There is a growing consensus that the role of high schools must not only be to make sure students receive high school diplomas but also to prepare students for college, work, and life. Under this research strand of work, we are examining what strategies promote high school graduation and college readiness, through three general areas of work: (1) high school curriculum and instruction; (2) postsecondary outcomes; and (3) high school graduation.
Studies on High School Curriculum and Instruction
Increasing academic rigor has been almost universally accepted as the primary strategy for preparing more students for college. Chicago has enacted a number of policies intended to increase the rigor of students’ curriculum in an effort to prepare more students to succeed in college and careers. UChicago Consortium has studied a number of these policies, and continues to study the mechanisms through which classroom instruction is related to students’ achievement.
College-prep curriculum for all. In 1997, CPS ended remedial coursework and required all students to enroll in a college-preparatory curriculum. Consortium studies found that it led to more students taking and earning credit in college-prep courses, but no benefits in terms of academic achievement or educational attainment. There were adverse educational effects on both low-skill and high-skill students. UChicago Consortium is starting a follow-up study on the degree to which the results of the policy came from changes in the curriculum versus changes in the ways in which students were sorted into classes.
Classroom instructional environments: What matters for students’ grades and test gains. This line of work emerged out of the curriculum studies as an effort to understand why all these new curricula were not more successful in terms of their effects on student achievement. Through analysis of teacher and student surveys, Consortium researchers examined the relationships of classroom instructional elements with students’ grades and test score gains, and developed typologies of classroom and school types. The study found that the relationship of academic demands with student achievement depends on other elements of classroom instruction—classroom behavior (orderly student behavior) and support. Test gains depend on the combination of orderly, well-managed classrooms along with challenging instruction. Good grades and pass rates depend on students getting sufficient support to handle the demands of the class. Another related study examines the degree to which grades and attendance depend on which teacher a student has, and the characteristics of the classroom.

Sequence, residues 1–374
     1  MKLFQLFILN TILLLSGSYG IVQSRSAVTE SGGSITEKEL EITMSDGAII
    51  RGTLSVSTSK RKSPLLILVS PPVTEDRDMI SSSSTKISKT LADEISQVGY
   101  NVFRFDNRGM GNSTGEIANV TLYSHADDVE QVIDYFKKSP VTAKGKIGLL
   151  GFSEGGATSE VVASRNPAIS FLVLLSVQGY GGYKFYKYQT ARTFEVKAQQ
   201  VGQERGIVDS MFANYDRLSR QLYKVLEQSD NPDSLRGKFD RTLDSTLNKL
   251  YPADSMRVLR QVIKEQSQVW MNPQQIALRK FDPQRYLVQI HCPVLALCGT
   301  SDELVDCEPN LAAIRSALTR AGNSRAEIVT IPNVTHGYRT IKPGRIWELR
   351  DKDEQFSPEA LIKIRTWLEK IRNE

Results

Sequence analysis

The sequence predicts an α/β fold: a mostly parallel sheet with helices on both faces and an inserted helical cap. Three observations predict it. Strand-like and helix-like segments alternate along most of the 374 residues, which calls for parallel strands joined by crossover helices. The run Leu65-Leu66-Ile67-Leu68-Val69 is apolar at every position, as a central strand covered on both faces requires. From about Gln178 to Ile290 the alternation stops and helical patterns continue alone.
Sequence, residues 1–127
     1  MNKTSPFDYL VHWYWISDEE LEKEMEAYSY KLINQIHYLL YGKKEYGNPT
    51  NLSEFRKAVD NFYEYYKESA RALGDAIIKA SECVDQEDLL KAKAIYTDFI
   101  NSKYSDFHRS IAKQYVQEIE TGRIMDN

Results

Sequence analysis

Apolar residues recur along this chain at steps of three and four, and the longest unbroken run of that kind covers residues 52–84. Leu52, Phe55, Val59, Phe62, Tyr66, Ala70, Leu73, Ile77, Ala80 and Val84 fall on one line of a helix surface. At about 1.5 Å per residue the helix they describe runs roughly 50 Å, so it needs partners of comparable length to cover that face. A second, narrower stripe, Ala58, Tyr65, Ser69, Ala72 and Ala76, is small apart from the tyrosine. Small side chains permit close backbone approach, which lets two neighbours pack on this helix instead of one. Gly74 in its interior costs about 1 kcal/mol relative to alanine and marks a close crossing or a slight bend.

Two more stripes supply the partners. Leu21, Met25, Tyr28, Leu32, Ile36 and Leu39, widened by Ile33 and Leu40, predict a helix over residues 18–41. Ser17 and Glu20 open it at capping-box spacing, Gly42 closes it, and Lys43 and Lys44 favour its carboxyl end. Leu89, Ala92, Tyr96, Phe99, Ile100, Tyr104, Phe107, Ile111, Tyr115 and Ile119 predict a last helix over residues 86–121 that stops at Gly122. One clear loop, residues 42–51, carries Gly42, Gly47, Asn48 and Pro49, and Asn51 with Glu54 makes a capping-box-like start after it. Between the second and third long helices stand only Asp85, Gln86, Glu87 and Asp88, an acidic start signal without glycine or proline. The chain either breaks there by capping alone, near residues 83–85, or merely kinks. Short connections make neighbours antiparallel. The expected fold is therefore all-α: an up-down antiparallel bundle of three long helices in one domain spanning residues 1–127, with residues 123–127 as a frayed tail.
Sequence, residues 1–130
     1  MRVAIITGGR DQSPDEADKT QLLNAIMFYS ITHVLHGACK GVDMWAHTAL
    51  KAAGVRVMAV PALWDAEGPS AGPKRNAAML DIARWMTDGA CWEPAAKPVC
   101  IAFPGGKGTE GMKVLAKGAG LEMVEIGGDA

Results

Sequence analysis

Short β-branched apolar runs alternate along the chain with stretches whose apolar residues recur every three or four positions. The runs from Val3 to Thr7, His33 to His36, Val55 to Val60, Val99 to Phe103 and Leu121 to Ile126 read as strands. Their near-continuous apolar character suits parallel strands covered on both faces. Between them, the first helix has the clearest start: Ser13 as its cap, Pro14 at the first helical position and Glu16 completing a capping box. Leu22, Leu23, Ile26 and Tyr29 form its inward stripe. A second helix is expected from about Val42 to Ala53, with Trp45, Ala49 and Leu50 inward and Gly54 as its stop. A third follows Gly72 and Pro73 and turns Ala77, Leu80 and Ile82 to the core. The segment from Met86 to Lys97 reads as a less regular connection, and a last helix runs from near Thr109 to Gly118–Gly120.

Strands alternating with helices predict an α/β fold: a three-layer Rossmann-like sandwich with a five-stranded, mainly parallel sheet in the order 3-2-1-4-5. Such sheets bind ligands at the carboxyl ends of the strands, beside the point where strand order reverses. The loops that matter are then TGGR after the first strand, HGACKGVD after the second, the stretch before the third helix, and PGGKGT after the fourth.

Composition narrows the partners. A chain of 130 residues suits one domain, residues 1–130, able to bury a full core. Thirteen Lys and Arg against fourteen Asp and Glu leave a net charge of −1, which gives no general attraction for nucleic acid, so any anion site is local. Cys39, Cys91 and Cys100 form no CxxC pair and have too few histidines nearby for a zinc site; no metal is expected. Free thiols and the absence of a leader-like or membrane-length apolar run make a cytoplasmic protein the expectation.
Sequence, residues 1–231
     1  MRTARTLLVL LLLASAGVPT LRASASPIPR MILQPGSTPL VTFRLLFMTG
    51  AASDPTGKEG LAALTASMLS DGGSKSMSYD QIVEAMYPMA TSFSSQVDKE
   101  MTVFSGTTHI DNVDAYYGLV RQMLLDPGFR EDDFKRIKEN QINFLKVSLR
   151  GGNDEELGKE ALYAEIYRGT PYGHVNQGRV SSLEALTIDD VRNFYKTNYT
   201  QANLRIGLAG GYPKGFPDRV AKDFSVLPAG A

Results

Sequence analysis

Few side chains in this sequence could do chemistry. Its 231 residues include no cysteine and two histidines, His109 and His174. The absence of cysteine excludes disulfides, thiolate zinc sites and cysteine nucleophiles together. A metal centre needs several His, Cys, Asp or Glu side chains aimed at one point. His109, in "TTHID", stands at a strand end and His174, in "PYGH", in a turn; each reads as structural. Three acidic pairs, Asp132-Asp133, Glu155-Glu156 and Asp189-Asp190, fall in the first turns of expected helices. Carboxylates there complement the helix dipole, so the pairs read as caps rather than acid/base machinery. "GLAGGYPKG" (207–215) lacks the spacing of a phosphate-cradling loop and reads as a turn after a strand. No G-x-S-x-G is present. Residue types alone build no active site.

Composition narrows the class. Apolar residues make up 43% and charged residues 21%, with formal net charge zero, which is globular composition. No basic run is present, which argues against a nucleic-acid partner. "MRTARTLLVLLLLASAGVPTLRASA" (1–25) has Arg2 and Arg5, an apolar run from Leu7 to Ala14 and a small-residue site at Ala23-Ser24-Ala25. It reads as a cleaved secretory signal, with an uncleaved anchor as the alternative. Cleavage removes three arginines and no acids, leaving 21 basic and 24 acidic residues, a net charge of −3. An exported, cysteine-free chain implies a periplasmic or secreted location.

Noncognitive factors that affect student achievement. Despite all the attention to standardized tests, a growing body of research shows that achievement test scores are not strong predictors of whether students will graduate from high school or college, and that factors not measured on tests are critical for academic success. Consortium researchers conducted a critical literature review of the research on these “non-cognitive factors” and developed a framework that shows how they are related to students’ academic performance.